The fourth paroxysmal eruptive episode in just 4 days started at Etna's Southeast Crater on the evening of February 20, 2021, and continued into February 21. This was the strongest of the four episodes since February 16.
The average magnitude of the volcanic tremor started increasing around 17:26 UTC on February 21, together with increasing infrasonic signals mainly located at the Southeast Crater.
Strombolian activity was progressively increasing to about 19:30 UTC when volcanic tremors showed a sudden increase to top levels. Lava overflow began shortly after 21:30 UTC toward the Valle del Bove, eventually reaching a length of about 1 km (0.62 miles), with a front at about 2 800 m (1.7 miles).
The activity at the eastern mouth of SE Crater gradually switched to pulsating lava fountains by 22:00 UTC and further intensified by 23:24 UTC.
Another surge in intensity was detected at 00:28 UTC on February 21, with lava fountains exceeding 1 000 m (3 300 feet) above the crater.
An incredibily powerful episode of lava fountaining (paroxysm) at Etna this night, 20-21 February 2021. Lava fountains exceeding 1000 m in height.— Boris Behncke (@etnaboris) February 21, 2021
This is the most beautiful volcano on Earth. pic.twitter.com/4kG6AhtSpi
The eruptive column was estimated to rise up to 6 km (20 000 feet) above sea level.
The Aviation Color Code was raised to Red at 20:53 UTC at lowered back to Orange at 01:59 UTC on February 21.
Etna on February 21, 2021. Credit: Copernicus EU/Sentinel-2, ADAM Platform, Antonio Vecoli
Eruptive activity quickly decreased from 01:00 and 01:15 UTC and completely ceased around 01:20 UTC.
Lava flows were still seen slowly advancing, with the longest through Valle del Bove about 3.5 to 4 km (2.2 - 2.5 miles) away from the top of the crater and at an altitude between 1 700 and 1 800 m (5 560 - 5 900 feet).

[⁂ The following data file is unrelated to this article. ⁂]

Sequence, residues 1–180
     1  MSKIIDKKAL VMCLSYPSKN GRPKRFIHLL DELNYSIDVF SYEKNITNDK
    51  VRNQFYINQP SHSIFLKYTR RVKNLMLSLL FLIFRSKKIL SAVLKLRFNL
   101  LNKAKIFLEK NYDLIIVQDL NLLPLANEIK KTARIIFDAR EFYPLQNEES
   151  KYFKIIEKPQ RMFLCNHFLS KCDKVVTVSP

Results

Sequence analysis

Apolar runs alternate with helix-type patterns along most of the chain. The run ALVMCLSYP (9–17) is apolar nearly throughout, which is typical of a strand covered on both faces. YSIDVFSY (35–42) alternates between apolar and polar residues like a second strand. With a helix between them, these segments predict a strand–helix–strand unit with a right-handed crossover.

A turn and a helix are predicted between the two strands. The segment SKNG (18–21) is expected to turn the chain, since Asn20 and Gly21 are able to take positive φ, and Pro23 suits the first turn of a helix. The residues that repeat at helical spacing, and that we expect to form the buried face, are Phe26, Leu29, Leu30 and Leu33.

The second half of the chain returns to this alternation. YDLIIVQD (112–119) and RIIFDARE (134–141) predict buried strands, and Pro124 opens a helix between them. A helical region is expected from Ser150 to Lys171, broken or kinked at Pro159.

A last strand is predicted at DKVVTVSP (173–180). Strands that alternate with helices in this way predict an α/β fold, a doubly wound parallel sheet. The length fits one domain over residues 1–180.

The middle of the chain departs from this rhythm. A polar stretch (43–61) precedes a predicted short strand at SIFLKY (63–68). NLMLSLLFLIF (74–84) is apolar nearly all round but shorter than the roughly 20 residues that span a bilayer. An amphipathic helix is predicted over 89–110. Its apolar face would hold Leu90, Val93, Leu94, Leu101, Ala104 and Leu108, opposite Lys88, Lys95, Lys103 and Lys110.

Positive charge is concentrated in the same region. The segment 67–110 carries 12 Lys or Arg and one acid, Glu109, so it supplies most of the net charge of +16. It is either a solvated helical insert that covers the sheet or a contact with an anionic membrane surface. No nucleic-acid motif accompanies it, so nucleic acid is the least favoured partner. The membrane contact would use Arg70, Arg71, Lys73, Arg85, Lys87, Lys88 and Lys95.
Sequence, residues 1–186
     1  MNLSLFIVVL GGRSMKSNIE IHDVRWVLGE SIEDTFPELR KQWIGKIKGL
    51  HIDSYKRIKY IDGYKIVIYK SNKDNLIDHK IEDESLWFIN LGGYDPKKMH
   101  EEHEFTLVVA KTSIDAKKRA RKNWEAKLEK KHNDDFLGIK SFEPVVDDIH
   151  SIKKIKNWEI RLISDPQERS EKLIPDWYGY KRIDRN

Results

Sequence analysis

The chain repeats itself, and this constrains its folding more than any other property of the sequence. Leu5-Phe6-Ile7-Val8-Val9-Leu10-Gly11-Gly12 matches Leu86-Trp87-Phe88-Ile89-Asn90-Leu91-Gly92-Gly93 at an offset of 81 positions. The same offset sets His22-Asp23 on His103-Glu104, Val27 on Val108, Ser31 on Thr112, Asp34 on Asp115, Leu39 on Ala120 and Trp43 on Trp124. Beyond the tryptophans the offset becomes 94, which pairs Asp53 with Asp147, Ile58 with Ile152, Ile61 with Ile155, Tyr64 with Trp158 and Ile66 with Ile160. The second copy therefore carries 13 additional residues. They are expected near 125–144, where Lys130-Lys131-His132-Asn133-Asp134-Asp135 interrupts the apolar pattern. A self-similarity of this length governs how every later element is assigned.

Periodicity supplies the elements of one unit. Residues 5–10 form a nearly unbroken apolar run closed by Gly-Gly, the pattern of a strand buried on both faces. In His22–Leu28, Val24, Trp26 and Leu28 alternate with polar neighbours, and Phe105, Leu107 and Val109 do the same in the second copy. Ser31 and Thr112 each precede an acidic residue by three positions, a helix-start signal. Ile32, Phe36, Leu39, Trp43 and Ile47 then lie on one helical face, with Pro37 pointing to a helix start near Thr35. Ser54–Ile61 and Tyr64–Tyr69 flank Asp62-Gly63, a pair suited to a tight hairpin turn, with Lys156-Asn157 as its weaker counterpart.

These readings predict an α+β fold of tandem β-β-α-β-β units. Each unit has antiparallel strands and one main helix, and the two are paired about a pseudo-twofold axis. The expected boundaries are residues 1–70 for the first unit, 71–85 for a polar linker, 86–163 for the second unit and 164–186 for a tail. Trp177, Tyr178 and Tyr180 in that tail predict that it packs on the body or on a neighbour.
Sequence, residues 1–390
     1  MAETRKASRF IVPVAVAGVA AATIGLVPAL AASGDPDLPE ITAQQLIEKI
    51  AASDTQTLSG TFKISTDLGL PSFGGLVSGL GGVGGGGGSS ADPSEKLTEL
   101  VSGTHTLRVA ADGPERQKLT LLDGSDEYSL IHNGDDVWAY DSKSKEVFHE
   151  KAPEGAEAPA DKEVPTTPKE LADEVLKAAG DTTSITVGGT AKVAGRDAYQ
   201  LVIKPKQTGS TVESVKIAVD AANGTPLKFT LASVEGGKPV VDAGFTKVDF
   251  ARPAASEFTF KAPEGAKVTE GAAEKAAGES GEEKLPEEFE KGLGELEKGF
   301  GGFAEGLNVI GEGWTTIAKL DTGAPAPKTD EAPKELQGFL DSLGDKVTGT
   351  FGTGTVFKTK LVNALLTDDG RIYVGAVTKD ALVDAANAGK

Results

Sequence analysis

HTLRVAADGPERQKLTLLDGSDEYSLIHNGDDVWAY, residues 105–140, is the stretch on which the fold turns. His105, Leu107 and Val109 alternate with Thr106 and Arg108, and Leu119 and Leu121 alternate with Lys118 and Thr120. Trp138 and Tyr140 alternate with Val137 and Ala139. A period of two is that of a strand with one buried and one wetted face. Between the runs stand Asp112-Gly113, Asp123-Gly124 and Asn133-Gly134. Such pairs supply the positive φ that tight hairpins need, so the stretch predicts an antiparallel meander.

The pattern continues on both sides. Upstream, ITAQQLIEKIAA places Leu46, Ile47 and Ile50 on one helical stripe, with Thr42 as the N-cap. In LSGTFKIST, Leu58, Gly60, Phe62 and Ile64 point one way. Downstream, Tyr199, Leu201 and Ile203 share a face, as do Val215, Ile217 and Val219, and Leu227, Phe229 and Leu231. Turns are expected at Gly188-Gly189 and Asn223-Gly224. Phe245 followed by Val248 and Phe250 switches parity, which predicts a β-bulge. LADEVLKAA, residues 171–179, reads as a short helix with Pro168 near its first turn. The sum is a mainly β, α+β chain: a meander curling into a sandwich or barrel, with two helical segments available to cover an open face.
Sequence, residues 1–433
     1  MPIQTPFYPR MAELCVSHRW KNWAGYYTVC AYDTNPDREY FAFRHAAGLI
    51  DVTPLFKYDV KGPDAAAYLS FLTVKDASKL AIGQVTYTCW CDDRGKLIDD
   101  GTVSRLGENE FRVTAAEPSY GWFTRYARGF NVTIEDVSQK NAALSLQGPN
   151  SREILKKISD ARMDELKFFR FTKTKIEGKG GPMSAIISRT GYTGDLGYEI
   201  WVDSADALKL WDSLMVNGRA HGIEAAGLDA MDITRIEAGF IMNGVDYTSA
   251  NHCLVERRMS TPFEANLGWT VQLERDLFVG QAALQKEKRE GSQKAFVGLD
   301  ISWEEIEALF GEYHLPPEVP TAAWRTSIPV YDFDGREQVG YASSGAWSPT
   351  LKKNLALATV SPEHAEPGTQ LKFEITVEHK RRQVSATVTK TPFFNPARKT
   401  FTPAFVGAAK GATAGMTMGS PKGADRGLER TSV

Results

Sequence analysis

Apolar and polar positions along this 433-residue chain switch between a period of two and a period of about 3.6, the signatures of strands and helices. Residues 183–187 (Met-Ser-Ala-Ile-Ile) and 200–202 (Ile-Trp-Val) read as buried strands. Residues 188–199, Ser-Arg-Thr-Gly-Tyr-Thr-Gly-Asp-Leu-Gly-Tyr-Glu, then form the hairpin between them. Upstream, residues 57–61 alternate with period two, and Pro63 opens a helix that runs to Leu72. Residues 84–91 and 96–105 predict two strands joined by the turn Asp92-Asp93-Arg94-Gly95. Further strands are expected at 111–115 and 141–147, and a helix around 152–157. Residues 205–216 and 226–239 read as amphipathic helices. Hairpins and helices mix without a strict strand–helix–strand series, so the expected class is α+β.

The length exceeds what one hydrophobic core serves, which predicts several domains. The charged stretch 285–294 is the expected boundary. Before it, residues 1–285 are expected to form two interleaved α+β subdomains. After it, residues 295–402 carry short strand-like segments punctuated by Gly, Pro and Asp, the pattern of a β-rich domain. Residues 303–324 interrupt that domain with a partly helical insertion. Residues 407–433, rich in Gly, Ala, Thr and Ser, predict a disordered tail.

Mount Etna, towering above Catania, Sicily's second-largest city, has one of the world's longest documented records of historical volcanism, dating back to 1500 BCE.
Historical lava flows of basaltic composition cover much of the surface of this massive volcano, whose edifice is the highest and most voluminous in Italy.
The Mongibello stratovolcano, truncated by several small calderas, was constructed during the late Pleistocene and Holocene over an older shield volcano. The most prominent morphological feature of Etna is the Valle del Bove, a 5 x 10 km (5.1 x 6.2 miles) horseshoe-shaped caldera open to the east.
Two styles of eruptive activity typically occur at Etna. Persistent explosive eruptions, sometimes with minor lava emissions, take place from one or more of the three prominent summit craters, the Central Crater, NE Crater, and SE Crater (the latter formed in 1978).
Flank vents, typically with higher effusion rates, are less frequently active and originate from fissures that open progressively downward from near the summit (usually accompanied by strombolian eruptions at the upper end).
Cinder cones are commonly constructed over the vents of lower-flank lava flows. Lava flows extend to the foot of the volcano on all sides and have reached the sea over a broad area on the SE flank. (GVP)
Featured image credit: Boris Behncke/INGV